The judge for California v. Chevron was led to believe by plaintiffs that five oil companies had in their possession a “smoking gun” document that would prove them culpable of contributing to climate change and conspiring to cover up their actions.
The only problem: this “damning” document was simply a publicly available slideshow by the Intergovernmental Panel on Climate Change (IPCC) published in 1995.
“There was [supposedly] a conspiratorial document within the defendants about how they knew good and well that global warming was right around the corner,” Judge William Allsup said. “Well, it turned out it wasn’t quite that. What it was, was a slide show that somebody had gone to the IPCC and was reporting on what the IPCC had reported, and that was it. Nothing more.”
The plaintiffs were left with the burden of trying to claim a widely-reported slideshow with baseless findings was proof of a so-called “conspiracy.”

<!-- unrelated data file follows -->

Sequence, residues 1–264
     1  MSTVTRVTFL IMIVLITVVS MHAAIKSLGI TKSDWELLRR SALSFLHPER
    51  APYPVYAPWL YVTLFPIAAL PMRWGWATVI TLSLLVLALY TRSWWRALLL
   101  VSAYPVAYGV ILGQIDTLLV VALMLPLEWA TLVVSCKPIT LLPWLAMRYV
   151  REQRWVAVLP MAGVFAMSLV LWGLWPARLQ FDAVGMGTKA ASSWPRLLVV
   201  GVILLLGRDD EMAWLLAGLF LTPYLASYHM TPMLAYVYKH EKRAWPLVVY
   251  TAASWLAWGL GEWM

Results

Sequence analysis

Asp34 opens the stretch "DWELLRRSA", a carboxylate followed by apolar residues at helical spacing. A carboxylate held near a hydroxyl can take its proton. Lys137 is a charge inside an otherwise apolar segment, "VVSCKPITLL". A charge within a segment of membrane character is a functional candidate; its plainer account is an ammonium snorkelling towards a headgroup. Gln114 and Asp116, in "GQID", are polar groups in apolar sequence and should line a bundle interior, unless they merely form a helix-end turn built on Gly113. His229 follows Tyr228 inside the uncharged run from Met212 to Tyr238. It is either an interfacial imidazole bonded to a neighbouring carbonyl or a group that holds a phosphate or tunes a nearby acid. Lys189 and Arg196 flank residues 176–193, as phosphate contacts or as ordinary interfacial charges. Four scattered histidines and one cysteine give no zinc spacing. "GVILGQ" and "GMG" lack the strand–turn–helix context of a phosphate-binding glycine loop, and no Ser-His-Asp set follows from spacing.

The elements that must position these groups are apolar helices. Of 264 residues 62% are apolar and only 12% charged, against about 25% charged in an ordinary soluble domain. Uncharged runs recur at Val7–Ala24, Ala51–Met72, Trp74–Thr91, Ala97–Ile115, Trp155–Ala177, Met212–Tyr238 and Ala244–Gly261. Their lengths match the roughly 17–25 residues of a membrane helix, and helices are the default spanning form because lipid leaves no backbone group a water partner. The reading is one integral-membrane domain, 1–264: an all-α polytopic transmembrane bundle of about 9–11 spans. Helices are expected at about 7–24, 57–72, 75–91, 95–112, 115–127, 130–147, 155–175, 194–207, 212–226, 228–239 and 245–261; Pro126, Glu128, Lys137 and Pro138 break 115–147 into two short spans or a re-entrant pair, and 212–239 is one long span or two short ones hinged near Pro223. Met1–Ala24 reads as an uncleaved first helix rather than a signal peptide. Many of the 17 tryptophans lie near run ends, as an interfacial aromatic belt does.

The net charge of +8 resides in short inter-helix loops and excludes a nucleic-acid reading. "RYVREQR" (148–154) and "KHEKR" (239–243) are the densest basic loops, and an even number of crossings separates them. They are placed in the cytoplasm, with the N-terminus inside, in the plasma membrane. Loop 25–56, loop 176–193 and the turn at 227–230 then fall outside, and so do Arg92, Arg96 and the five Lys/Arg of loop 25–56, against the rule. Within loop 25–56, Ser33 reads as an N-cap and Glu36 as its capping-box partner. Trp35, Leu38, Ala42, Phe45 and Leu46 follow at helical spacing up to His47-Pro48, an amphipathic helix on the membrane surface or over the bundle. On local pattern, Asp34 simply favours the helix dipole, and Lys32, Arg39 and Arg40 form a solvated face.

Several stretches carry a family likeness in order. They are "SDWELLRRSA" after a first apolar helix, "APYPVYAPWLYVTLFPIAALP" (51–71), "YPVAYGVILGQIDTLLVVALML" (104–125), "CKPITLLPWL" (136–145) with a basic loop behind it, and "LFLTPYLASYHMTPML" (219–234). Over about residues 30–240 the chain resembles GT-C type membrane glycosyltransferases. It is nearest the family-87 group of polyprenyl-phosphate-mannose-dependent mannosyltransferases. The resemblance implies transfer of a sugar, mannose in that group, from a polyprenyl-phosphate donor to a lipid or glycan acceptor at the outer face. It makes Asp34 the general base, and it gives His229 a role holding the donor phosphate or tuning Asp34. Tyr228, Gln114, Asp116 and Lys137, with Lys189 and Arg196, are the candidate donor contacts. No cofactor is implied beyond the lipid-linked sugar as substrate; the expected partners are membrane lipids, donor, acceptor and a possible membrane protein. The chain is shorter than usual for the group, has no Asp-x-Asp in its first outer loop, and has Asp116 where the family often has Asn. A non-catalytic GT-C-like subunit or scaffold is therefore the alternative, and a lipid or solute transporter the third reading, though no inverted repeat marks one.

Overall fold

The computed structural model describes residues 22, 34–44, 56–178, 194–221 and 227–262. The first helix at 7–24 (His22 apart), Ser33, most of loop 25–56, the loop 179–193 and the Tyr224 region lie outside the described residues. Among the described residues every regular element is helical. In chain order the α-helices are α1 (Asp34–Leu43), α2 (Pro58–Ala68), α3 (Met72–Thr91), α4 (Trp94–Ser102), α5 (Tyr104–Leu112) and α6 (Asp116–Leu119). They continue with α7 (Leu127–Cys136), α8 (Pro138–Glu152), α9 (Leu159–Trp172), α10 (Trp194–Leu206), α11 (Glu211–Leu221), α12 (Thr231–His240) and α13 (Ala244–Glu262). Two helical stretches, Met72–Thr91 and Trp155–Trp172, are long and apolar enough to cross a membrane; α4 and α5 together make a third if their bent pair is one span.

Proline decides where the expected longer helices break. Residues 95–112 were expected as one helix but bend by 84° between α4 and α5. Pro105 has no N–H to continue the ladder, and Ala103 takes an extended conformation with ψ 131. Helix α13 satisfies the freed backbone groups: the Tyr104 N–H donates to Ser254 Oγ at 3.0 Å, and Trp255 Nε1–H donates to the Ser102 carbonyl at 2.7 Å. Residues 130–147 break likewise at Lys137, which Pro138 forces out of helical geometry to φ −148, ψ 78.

But it gets even better: Judge Alsup asked a university oceanographer one of the more potent questions one could pose to a climate alarmist: “What do you think caused the last Ice Age?”
Of course, any answer that follows describes planet-altering climate events that occurred naturally, independent of human enterprise.
Don’t forget the point of this trial is to pin responsibility for climate change on oil companies, a tough premise to demonstrate after your witness provides a lecture on how sea levels used to be 30 feet higher when humans still wore loincloths.
Perhaps the plaintiffs should have sought counsel with Arnold Schwarzenegger who recently said he was going to sue big oil for “first-degree murder.”